By bringing together the right players – the “requisite variety” of people with the necessary knowledge, experiences, influence, and insights – then properly orchestrating their collaboration, leaders can build the shared understanding platform for what they really need to do. They can make sound, innovative, and timely business decisions to solve complex business problems like merging very different pharma companies and integrating their cultures, increasing revenue while inspiring the workforce, changing the way cancer is diagnosed and treated, bringing competitors together from across the industry to tackle gender parity, and many other challenges. Without shared understanding, strategies are prone to gaps or misdirected efforts, tactics can be way off target, and teams can lack clarity. Stakeholders may be skeptical about the proposed solutions until (or even after) change management efforts finally begin to influence them, putting the timeline for results at risk.
Success in our industry has always required collaboration, input from multiple sources, and an exchange of ideas. Pharma has prioritized “cross-functional alignment” and “organizational buy-in” for many years. In the quest to fulfill this important need, we find ourselves participating in a great many meetings, interviews, teleconferences, webinars, town halls, and offsites. More recently, the industry has been exploring co-creation, design-thinking workshops, and “going agile” in attempts to break down siloes and shorten feedback loops.
But how many times do we leave one of these meetings (after the typical fist-bumping and applause) only to realize later that the usual voices dominated, too many participants were multi-tasking throughout, proposed ideas were disregarded and left unexplored, groupthink prevailed, and next steps remained unclear? This happens despite attempts to set the tone with “no idea is a bad idea,” “idea parking lots,” and employing various other techniques for engaging people and encouraging their contributions. Cynical participants may believe that the real decisions were already made in advance, and that these engagements are theatre, not true collaboration. Dramatic shifts in how the business works can threaten people’s sense of security, predictably triggering “fight-or-flight” responses instead of stimulating critical thinking around what the business really needs. This is a major challenge in the pursuit of shared understanding. We can convene all the right players, but without careful orchestration of their interactions, it’s too easy to miss the opportunity to build real involvement and commitment.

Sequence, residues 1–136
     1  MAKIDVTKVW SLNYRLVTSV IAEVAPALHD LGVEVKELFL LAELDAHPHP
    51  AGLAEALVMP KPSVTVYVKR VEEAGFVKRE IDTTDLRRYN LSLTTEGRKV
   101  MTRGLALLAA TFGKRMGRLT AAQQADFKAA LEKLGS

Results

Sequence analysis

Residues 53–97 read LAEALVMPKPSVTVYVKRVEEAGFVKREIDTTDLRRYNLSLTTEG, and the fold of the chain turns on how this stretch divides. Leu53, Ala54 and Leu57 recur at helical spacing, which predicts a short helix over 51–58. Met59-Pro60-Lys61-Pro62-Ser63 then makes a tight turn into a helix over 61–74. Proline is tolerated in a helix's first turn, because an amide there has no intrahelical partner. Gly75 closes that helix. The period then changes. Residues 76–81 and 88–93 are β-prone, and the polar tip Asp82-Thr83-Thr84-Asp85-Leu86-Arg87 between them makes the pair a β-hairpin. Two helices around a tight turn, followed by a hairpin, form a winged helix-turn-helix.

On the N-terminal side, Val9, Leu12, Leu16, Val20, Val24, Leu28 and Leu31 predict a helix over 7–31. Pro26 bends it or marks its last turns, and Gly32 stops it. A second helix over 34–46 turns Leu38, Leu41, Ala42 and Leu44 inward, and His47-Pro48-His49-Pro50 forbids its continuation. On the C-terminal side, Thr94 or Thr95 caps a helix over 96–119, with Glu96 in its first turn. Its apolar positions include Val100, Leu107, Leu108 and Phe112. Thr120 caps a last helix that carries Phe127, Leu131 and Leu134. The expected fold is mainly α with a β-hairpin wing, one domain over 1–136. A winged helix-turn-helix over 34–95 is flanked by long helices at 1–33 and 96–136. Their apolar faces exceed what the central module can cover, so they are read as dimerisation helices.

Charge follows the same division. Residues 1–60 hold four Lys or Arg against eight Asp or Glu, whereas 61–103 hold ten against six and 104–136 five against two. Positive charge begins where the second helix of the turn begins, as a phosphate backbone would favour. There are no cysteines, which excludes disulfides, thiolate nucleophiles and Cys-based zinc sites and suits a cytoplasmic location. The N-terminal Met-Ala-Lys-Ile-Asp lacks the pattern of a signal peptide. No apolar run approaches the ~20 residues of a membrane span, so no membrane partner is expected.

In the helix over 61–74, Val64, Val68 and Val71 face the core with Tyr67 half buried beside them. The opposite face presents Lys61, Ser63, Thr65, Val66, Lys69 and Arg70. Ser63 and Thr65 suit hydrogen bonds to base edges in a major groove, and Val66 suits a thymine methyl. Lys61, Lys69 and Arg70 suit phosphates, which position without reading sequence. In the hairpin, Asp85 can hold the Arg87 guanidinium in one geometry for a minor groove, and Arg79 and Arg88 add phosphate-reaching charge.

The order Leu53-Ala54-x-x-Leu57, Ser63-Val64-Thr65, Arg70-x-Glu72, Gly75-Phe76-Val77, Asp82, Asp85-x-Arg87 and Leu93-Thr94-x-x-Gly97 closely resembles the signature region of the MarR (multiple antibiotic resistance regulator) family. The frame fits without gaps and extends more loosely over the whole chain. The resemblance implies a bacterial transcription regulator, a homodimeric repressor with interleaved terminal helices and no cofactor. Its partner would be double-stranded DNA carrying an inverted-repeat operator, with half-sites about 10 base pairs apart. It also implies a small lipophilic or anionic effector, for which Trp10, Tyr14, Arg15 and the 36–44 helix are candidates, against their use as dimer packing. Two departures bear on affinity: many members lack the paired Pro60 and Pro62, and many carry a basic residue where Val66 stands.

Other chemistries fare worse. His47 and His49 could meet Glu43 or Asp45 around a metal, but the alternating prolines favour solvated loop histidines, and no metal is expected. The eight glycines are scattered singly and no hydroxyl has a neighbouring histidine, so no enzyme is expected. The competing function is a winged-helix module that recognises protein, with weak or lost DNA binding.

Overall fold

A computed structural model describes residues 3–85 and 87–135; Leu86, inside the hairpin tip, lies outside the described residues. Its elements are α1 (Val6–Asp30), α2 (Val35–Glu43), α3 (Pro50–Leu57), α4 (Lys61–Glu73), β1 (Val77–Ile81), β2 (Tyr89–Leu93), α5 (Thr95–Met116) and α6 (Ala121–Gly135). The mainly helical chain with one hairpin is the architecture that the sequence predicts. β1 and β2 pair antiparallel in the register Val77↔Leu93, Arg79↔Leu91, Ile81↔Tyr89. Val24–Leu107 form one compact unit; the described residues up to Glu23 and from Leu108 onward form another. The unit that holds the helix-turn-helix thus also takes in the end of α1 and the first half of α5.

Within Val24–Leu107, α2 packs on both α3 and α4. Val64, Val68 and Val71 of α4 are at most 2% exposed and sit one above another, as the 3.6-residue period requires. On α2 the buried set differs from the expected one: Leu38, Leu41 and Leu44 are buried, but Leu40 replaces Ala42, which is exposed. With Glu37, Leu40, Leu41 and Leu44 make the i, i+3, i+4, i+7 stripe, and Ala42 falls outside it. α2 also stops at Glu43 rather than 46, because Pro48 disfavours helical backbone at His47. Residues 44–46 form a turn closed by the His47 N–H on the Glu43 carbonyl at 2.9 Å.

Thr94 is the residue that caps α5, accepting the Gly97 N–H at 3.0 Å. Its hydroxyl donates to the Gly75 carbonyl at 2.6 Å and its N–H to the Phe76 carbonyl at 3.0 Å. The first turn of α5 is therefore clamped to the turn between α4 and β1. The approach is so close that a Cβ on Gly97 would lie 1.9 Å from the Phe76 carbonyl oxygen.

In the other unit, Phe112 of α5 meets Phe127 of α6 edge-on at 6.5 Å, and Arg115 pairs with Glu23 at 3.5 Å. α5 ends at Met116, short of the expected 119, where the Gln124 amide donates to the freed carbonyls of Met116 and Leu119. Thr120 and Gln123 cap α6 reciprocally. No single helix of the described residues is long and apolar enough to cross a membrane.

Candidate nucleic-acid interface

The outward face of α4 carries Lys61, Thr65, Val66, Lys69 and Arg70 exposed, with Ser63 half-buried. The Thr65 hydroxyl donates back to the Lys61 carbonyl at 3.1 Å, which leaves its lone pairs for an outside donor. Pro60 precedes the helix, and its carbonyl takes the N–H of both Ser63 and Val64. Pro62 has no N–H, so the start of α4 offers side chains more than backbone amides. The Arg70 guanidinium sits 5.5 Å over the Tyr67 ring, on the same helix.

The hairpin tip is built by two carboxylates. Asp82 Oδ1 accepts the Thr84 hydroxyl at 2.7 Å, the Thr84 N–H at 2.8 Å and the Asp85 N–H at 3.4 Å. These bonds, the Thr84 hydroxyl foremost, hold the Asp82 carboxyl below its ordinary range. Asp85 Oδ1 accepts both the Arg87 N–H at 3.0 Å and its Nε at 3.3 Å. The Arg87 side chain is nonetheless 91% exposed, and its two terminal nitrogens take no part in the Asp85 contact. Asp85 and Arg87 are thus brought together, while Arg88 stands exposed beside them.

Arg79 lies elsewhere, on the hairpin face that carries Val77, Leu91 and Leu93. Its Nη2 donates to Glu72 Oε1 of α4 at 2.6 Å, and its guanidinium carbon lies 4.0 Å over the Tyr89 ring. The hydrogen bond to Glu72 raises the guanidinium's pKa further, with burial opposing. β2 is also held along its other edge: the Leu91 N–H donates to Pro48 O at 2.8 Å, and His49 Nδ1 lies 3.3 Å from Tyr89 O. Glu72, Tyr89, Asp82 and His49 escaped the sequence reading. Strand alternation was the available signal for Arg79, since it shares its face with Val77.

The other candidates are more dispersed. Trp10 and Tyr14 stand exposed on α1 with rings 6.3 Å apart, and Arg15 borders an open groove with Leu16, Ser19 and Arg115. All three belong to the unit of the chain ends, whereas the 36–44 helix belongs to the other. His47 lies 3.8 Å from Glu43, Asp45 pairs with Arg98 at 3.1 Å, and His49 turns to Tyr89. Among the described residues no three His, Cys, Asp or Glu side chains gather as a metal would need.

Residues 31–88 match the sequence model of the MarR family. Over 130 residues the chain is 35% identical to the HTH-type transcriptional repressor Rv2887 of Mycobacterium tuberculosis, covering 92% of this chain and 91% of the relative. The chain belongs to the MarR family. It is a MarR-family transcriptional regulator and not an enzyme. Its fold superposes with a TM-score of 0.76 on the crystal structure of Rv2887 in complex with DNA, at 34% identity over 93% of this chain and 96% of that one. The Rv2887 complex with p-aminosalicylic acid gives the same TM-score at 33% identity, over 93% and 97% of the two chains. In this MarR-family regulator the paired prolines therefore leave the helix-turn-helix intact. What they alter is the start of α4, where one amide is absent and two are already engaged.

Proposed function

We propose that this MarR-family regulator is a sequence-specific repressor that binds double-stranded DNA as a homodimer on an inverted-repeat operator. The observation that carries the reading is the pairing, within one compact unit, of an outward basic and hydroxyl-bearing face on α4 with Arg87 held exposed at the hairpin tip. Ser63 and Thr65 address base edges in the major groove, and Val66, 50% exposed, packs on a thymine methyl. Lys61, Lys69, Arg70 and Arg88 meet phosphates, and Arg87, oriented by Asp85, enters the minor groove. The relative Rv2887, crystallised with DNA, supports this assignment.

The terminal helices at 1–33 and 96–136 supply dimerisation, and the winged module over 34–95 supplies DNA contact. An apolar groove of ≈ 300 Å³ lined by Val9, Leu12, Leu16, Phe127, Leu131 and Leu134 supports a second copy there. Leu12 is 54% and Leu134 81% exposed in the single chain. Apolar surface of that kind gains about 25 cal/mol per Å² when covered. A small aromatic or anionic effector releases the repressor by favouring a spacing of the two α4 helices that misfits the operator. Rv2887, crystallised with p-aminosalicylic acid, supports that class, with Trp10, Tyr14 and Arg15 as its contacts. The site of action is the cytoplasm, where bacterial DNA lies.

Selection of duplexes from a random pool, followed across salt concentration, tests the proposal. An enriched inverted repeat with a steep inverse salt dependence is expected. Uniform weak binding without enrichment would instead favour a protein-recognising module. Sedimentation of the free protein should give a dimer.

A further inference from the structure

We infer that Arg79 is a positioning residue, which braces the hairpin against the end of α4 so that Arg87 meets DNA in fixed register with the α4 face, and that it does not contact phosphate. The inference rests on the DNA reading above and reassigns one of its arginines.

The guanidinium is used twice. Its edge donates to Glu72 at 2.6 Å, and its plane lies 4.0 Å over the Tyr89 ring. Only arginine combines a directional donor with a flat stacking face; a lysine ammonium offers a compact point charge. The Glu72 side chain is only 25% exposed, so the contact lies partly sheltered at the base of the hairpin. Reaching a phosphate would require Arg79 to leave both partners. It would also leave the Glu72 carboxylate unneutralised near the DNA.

Another major problem in building shared understanding can happen long after the meetings and calls are over, when critical new after-the-fact insights arise. They may come from new information, evolving thinking of meeting participants, output of additional stakeholder interviews, or even informal water-cooler interactions. But when and if these lagging insights are communicated, they are now out of context, isolated and diluted by the normal flow of other business concerns. How often have you had a flash of insight, only for it to be received with blank stares? Yet often, that’s how the most important strategic thinking develops. Without a common shared understanding, moments of clarity and emerging-but-essential information may be dismissed or overlooked, wrong decisions can be made, and opportunities can be missed, which can be catastrophic when the stakes are high.
The thing that makes this all so hard is the same thing that makes building shared understanding the critical master skill of the future: time. It can take a lot of time to build shared understanding between key people about what’s really happening in the business, and what to do about it. And time is a very scarce business commodity especially today. Often, leaders face the choice between long delays to decision-making as their organization aligns, or critical decisions being made under pressure without reaching shared understanding.
Building shared understanding to solve problems has always been a challenge – but the current Age of Urgency2 has taken the need for timely problem-solving to a whole new level. Digitization, analytics and artificial intelligence, and other emerging technologies are redefining business timelines. The urgency imperative places a premium on quick, agile, decision-making and problem-solving in an ever more complex environment. In the Age of Urgency, we don’t have the luxury of multiple meetings and engagements to build consensus, backtracking to build understanding of stakeholders, or painstakingly integrating fragmented and hidden knowledge. Traditional problem-solving methods aren’t working well any more, and are becoming less and less effective as lack of time and lack of shared understanding compromise the very best efforts.